Questions and answers in the adhesives and sealants industry.

Question: I need to adhere a small acrylic hinge to two pieces of glass. So far, I have tried what I believe to be everything on the market, including epoxy, silicone and UV adhesives, and many others. What do you suggest?

Answer: Bonding to many plastics, including acrylics, often requires some type of surface preparation. Abrading the surface followed by a degreaser, such as methyl alcohol, would greatly influence the bond. An epoxy adhesive should work for this application. You might try changing to a different epoxy to see if it provides better adhesion. However, you might also try using an acrylic adhesive to obtain a good bond.


Question: I am working on a manufacturing project that requires bonding to aluminum surfaces. The application is for heat exchanger cores, so the bond must be fairly strong, flexible (in a temperature range of -40ºF to 200ºF), fast/easy to apply, suitable for outdoor exposure, and able to bond either chromated or anodized aluminum surfaces. What type of adhesive should I be researching?

Answer: Epoxy adhesives would likely be the best candidates. Both the chromated or anodized surfaces should provide a good bonding surface for these adhesives. The slower-curing varieties might best suit this particular application, as they tend to be somewhat more flexible and impact-resistant than the so-called “5-minute” varieties. These adhesives should also hold up well within the temperature extremes required.

Epoxies themselves may often be hard and brittle, but that is in part dependent upon the curing agent. Hybrid epoxies can offer the flexibility, but we caution against using any nylon epoxy and certain types of elastomeric epoxies because they might absorb water and would not be suitable for exterior applications such as yours. Epoxies are currently successfully used to bond aluminum to aluminum in honeycomb aircraft wings.


Question: I work for a flexible-packaging manufacturing company in South Africa that is interested in finding out about adhesives that are used to laminate two or more layers of different or the same material to each other. We are trying to decrease the amount of curing time that is required to give us the correct bond strength to satisfy our customers’ stringent quality control requirements.

Answer: Flexible lamination is commonly executed via one of four types of technologies: water-based, solvent-based, two-part systems and 100%-solids reactive laminating adhesives. Your particular application will depend upon the precise nature of the substrates you are considering, as well as the coating, drying and laminating equipment you have at your disposal.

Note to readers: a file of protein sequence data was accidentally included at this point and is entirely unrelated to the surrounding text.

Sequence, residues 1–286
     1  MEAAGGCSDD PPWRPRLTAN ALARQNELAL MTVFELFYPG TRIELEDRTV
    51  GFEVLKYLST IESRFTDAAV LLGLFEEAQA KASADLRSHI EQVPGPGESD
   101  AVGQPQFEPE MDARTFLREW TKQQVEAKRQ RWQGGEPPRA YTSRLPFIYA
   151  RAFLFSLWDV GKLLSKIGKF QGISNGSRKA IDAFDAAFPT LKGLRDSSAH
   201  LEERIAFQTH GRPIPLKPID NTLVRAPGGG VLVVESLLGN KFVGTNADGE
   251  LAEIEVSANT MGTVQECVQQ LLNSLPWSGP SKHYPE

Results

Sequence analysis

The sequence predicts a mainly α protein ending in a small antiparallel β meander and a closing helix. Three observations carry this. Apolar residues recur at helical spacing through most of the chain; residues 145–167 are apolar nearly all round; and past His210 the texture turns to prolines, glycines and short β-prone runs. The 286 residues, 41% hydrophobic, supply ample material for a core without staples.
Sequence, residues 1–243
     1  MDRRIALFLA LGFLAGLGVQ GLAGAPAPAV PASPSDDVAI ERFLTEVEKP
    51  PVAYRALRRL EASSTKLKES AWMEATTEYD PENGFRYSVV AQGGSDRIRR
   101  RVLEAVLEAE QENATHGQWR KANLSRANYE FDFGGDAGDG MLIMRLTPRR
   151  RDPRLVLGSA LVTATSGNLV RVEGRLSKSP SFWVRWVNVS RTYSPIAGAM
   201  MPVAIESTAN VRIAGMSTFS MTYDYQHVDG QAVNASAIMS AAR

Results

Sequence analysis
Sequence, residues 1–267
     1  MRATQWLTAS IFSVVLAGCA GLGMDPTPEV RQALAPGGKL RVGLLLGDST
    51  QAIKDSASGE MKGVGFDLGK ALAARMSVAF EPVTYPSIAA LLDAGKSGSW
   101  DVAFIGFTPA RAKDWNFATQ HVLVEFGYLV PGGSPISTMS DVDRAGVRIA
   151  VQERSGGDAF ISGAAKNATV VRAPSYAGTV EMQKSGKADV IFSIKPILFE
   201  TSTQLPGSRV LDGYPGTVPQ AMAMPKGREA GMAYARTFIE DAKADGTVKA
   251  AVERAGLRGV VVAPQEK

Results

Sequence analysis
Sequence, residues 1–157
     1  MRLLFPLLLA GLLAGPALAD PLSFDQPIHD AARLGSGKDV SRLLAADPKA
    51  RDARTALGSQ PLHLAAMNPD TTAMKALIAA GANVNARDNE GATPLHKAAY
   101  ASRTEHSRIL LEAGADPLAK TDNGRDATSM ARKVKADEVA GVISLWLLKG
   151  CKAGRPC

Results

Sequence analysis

Water-based laminating adhesives do require significant oven capacity to remove the water at any reasonable product speeds. Solvent-based adhesives require less oven capacity, but need to be able to deal with the solvents via recovery or incineration. The newer, 100%-solids systems do not require drying ovens, but generally take several days to cure. The two-part systems can be controlled as to how fast the cure will take place and do not require any drying ovens.


Question: I require an adhesive for sticking paper to tins.

Answer: I can only assume you mean applying labels to metal containers. There are a number of adhesives and processes available to accomplish this. Basically, there are two types of labels that are commonly in use. One makes use of a pressure sensitive adhesive that is pre-applied to the label stock (usually in rolls), and the label is then applied to the individual container. The other type of label is typically referred to as a “patch label,” and as the name implies, is supplied pre-cut and stacked. It can be applied either by the pre-application of a pressure sensitive adhesive, or more commonly by using a water-based adhesive to apply the label to the container when required. This latter process usually involves highly automated application equipment and typically is employed for very high-volume applications. For lower-volume applications, the more labor-intensive method of a pre-applied pressure sensitive label is often the most economical approach, despite the significantly higher cost of the label itself.